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Agent Recruiting: You can’t judge a person by their resume

As a recruiter, I see hundreds of resumes a week. I am quickly scanning for key titles, duties and achievements, as well as spelling and grammatical errors, before moving on to the next contender.

A resume that stands out piques my interest for a bit longer than the standard six seconds (yes, it’s true, most recruiters and hiring managers only look at a resume for an average of six seconds before deciding whether to keep or reject). 

One thing I have learned about resumes is that they rarely reflect candidates accurately. I have come across beautifully crafted resumes with eye-catching formats and well-written descriptions, only to speak with the candidate on the phone to discover a lot of their work experience – such as previous job titles and duties – has been embellished, misrepresented or even fabricated. 

How does this happen? One factor could be that candidates sometimes hire writing services to create impressive resumes that will stand out from the crowd. While a professional CV may grab a hiring manager’s attention, it can be a hinderance if it does not accurately reflect the candidate’s skills and experience. A professional resume does not help the candidate through the interview process. If a candidate cannot explain or expand upon the content of their resume during an interview, it is likely that the resume was written by someone else, and the duties and capabilities listed are not entirely accurate. 

Another danger of professionally written resumes is that they do not reflect the candidate’s writing ability and vernacular. The applicant may write a cover letter to accompany their resume that doesn’t match their writing style, since the resume and cover letter are written by two different people. A mismatched resume and cover letter is often the first sign that you have a professionally written resume in your hands. A candidate’s writing style is an important consideration, particularly if the position you are screening them for involves producing written communications on behalf of you or your business.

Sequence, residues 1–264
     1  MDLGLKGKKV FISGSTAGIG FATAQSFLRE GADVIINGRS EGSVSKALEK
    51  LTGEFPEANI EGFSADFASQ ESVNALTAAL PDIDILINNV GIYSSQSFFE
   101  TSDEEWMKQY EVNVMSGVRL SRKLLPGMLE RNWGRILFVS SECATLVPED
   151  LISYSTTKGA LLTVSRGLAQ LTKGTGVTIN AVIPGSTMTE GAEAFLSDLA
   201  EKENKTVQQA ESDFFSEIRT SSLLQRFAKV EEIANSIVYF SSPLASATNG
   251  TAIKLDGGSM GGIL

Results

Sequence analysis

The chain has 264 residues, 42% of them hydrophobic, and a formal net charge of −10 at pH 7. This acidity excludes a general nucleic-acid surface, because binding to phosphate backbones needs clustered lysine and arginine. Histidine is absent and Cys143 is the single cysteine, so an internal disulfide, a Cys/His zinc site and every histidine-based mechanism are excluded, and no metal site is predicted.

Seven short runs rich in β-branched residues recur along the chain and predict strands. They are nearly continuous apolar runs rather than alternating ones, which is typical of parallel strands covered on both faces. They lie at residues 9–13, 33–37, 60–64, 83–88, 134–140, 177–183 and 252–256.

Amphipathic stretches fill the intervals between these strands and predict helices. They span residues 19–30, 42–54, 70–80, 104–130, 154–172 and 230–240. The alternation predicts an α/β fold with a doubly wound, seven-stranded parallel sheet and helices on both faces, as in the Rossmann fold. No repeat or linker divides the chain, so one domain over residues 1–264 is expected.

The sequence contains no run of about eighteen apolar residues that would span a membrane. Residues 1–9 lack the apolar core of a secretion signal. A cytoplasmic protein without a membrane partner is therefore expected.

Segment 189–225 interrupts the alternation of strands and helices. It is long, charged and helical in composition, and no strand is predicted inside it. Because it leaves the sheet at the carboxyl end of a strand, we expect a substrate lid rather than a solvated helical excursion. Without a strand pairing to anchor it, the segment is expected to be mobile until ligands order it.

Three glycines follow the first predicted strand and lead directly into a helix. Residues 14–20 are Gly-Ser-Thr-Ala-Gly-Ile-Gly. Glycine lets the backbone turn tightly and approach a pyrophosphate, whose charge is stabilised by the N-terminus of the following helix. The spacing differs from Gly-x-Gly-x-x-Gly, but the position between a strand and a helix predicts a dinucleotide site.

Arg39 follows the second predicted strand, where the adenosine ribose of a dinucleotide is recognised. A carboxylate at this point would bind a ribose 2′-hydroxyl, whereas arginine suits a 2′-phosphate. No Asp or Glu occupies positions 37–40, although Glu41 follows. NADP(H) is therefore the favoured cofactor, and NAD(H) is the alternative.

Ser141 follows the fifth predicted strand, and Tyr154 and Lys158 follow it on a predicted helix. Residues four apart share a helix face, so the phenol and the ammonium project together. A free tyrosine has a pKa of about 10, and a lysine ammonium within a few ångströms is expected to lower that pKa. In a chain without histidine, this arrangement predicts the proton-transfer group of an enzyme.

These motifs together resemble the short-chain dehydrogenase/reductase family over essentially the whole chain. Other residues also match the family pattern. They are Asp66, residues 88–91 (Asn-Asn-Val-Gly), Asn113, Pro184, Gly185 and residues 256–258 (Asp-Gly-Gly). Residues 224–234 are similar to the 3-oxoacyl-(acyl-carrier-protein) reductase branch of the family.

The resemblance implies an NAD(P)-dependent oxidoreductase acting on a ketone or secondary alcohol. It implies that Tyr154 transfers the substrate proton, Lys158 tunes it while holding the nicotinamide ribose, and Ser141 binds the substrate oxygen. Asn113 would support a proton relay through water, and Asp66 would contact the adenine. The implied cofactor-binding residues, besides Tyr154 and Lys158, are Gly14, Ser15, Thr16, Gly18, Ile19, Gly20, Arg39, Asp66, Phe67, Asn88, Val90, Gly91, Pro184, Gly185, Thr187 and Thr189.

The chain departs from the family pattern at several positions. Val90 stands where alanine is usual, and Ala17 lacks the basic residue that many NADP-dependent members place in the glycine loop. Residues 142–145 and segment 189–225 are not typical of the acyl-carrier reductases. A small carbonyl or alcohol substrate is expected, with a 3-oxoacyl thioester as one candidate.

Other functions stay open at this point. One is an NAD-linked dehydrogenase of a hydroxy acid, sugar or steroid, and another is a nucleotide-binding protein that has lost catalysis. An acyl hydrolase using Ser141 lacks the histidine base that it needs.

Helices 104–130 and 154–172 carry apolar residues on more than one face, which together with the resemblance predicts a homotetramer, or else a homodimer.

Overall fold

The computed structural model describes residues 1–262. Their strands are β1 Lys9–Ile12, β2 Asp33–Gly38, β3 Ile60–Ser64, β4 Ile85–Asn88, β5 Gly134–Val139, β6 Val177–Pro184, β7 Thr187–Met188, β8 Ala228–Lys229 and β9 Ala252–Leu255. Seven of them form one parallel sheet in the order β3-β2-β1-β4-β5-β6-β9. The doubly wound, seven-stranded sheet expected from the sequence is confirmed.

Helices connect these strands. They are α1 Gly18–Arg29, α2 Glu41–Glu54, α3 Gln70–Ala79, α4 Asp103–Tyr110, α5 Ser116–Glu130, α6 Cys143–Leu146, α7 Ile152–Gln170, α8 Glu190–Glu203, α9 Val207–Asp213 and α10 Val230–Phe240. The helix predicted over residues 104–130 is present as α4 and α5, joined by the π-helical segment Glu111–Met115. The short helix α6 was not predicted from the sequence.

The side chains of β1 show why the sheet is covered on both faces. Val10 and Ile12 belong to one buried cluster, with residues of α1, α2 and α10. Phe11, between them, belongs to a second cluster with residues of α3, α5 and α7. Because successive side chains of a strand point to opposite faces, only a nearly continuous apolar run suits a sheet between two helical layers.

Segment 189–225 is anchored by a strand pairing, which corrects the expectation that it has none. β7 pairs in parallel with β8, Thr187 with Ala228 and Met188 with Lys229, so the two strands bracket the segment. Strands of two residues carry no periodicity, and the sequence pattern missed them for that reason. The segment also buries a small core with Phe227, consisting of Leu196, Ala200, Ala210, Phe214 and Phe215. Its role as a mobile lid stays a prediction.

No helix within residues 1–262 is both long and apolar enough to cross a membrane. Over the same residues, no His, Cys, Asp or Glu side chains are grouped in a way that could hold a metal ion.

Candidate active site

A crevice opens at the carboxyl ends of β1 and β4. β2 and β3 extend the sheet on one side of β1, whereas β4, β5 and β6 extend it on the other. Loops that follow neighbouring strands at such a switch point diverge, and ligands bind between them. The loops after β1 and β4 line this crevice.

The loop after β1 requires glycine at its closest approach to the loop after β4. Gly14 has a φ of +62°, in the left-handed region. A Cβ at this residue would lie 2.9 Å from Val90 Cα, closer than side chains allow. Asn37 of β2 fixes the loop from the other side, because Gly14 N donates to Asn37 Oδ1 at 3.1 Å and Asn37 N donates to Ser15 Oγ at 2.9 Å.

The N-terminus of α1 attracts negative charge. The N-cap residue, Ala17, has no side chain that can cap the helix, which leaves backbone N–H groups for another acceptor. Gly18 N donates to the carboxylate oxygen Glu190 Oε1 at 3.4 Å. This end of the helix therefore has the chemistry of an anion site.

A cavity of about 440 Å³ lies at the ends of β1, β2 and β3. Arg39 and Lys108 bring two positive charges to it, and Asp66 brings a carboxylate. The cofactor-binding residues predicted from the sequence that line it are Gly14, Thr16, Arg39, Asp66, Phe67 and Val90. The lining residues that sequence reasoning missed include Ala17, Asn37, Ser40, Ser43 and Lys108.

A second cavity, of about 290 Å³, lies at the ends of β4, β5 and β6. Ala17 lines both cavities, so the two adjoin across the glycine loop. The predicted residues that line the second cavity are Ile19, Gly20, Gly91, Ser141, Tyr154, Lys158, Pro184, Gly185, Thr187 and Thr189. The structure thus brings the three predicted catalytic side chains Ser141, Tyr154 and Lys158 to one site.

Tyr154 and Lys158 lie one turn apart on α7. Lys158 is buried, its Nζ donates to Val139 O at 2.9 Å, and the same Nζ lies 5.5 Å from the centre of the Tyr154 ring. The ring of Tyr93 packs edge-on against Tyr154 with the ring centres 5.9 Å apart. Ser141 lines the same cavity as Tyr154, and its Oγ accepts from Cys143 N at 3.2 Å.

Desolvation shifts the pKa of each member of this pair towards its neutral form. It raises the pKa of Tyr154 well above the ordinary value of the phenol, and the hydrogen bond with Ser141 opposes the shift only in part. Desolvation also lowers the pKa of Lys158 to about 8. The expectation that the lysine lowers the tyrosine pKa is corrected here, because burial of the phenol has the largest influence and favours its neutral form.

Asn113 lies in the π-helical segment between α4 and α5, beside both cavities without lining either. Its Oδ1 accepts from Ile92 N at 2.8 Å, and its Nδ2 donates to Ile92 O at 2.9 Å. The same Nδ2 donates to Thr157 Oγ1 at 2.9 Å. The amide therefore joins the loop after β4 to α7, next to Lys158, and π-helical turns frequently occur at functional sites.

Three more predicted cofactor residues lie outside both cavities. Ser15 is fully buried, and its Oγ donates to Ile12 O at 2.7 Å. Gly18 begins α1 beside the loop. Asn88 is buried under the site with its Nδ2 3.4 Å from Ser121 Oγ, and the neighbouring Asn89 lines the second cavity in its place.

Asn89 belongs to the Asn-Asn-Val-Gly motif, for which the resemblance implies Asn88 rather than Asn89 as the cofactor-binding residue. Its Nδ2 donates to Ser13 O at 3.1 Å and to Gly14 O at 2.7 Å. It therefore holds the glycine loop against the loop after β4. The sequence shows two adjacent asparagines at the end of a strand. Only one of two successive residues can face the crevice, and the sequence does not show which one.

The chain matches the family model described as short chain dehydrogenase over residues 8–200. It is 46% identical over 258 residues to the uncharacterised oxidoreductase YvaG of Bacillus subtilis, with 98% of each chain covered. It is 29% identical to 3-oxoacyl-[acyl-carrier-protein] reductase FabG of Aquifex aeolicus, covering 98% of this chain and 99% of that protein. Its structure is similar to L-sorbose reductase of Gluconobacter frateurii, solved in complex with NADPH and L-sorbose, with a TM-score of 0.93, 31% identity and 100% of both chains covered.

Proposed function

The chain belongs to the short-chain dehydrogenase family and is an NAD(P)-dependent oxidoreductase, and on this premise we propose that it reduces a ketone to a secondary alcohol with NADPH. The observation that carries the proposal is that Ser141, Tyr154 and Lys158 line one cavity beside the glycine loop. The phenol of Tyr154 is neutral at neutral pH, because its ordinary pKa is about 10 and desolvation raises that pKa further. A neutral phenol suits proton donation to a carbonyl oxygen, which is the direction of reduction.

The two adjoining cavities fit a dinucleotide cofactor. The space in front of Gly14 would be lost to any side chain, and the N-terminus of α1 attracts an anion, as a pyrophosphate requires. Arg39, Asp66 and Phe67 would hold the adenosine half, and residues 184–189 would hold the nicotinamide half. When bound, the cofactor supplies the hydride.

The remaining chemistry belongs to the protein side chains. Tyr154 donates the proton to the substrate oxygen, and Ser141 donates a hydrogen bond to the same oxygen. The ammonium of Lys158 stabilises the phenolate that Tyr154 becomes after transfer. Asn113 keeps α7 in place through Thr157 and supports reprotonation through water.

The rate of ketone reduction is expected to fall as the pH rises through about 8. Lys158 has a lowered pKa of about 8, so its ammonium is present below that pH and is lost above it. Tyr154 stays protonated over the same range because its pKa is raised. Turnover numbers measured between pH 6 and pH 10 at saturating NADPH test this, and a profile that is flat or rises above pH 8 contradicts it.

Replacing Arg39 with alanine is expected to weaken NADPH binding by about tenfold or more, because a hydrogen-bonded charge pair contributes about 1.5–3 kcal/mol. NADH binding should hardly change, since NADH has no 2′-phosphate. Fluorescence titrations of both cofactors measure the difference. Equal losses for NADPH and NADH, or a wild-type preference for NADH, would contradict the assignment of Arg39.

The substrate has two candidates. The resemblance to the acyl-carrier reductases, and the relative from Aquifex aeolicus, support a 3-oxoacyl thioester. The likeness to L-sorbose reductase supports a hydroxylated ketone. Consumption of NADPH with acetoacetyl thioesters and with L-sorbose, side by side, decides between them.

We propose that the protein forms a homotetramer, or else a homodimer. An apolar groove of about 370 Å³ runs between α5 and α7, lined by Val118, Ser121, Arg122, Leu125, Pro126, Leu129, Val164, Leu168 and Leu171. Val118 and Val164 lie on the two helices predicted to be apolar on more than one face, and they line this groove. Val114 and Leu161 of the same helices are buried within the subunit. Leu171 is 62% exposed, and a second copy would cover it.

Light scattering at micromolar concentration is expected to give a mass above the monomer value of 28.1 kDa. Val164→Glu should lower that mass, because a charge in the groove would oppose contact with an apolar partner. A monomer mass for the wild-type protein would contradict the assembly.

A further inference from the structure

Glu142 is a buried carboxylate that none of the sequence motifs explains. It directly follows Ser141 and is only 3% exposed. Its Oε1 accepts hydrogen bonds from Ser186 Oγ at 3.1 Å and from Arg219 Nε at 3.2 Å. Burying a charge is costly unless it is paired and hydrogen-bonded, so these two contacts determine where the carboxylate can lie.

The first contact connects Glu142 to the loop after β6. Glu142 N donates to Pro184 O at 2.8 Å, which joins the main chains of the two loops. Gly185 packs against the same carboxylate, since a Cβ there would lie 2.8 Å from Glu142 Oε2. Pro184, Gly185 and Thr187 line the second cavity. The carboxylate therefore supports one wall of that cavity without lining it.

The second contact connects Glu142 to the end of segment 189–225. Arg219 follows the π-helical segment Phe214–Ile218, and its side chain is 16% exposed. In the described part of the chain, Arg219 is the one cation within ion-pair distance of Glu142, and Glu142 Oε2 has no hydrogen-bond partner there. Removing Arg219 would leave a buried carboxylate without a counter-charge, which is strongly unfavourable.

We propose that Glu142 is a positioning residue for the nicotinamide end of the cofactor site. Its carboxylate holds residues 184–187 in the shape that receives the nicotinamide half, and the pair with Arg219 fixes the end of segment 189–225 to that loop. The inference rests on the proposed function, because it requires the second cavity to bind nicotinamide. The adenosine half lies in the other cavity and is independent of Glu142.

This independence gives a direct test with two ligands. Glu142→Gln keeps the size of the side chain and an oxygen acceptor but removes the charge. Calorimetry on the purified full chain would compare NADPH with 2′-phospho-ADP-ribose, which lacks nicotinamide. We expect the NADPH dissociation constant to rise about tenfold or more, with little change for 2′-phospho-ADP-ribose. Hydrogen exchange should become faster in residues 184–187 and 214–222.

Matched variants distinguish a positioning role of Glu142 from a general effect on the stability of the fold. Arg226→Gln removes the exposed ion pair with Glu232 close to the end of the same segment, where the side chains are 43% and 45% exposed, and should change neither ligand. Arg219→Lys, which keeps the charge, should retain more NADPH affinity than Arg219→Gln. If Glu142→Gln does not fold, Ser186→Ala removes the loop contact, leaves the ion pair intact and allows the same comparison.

Professional resumes are great at helping candidates stand out from the crowd, but they shouldn’t be relied upon to inform hiring decisions. It’s great that the candidate has attracted your attention. Now you need to dig deeper during the interview process to disseminate the information in their resume. If the skills and experience on the resume is exaggerated or untrue, the truth will come out during the interview process. If you think a candidate is strong but suspect that their resume is professionally written, consider assigning a writing task for them to complete during an interview. Then you can assess their writing skills and style based on a piece that you know with 100 per cent certainty was written by the candidate themselves and not a paid professional.

As a Realtor, team or brokerage, you may not be privy to the deceptions a candidate could use to get their foot in the door. I caution all hiring manager and recruiters to always scrutinize the most alluring and professional-looking resumes with a discerning eye. A hire based on erroneous information is not likely to serve your organization well.